Sen. Joni Ernst came to the U.S. Capitol in 2015 on a promise to make Washington “squeal.”
She vowed to “cut wasteful spending,” telling voters in her infamous 2014 campaign ad she “knew how to cut pork” because she grew up castrating hogs on an Iowa farm.
“My parents taught us to live within our means,” said Ernst, in the 30-second video. “It’s time to force Washington to do the same.”
Congress “is full of big spenders,” she said. “Let’s make ’em squeal.”
After more than four years in the Senate, has Ernst, facing her first reelection campaign in 2020, lived up to her own promise?
On Aug. 1, Ernst was among 67 senators in the Republican-controlled chamber to vote in favor of a two-year, $1.37 trillion budget deal. Twenty-three Republicans voted against the bill, largely citing a blow to the nation’s annual spending deficit.
Politico noted that Ernst was central to the bill’s passage.
“Grassley — along with Joni Ernst of Iowa, Mike Crapo of Idaho and Dan Sullivan of Alaska — proved to be the tipping point for undecided Senate Republicans,” Politico reported. “Once leadership got the support of that bloc of votes, it was able to ensure a GOP majority for the legislation.”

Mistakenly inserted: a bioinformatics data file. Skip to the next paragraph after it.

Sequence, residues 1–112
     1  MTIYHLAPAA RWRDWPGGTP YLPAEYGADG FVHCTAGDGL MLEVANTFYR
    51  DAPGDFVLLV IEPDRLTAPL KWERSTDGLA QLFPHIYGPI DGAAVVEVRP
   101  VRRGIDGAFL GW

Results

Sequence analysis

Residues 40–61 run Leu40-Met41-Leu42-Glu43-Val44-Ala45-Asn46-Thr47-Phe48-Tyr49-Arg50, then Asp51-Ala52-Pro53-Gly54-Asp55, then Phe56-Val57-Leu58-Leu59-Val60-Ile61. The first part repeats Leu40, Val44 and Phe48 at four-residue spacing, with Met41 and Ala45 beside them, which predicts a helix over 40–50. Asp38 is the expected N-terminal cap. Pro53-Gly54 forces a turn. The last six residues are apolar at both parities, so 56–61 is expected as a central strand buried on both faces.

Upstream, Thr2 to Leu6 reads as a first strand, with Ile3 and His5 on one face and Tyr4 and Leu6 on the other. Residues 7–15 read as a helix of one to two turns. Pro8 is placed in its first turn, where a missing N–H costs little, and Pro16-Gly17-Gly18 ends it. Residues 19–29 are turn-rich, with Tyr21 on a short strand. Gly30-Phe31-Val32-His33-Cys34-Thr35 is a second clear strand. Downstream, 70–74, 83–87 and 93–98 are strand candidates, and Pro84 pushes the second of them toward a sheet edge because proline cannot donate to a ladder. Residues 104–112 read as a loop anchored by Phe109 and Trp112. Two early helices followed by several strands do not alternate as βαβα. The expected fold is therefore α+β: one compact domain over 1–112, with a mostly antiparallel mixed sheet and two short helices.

Ultimately, they were part of 29 Republicans and 38 Democrats in pushing it across the finish line.
The Congressional Budget Office expects the deal to add $320 billion to the deficit over the next two years, and $1.7 trillion in a decade.
Without a budget bill, Congress would have thrown the country into another government shutdown.
Ernst released no statement in the wake of the budget’s passage. Instead, on Aug. 1, her office pushed a press release about her bill to codify President Donald Trump’s rollback of the Waters of the United States [WOTUS] rule, which Ernst has argued was an infringement by the federal government on private land.
Despite voting for the budget bill, Ernst supported an unsuccessful amendment by Kentucky Sen. Rand Paul to set lower spending caps for the next 10 years and balance the budget.
In the House, Democratic Reps. Abby Finkenauer, Dave Loebsack and Cindy Axne voted in favor of the Bipartisan Budget Act. Republican Rep. Steve King voted against it.
By Elizabeth Meyer